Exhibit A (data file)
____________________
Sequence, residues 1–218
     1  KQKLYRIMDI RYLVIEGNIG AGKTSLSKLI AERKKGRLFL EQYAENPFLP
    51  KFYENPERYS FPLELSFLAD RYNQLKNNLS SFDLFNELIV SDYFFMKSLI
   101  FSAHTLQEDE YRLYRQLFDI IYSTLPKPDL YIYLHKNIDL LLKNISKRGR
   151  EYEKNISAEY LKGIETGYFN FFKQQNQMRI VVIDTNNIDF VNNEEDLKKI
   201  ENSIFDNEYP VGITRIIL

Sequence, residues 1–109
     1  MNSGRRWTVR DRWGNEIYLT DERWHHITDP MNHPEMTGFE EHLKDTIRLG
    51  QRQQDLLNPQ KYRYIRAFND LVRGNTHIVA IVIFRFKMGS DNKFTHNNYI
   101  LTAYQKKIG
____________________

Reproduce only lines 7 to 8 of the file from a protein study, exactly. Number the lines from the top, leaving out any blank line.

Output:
Sequence, residues 1–109
     1  MNSGRRWTVR DRWGNEIYLT DERWHHITDP MNHPEMTGFE EHLKDTIRLG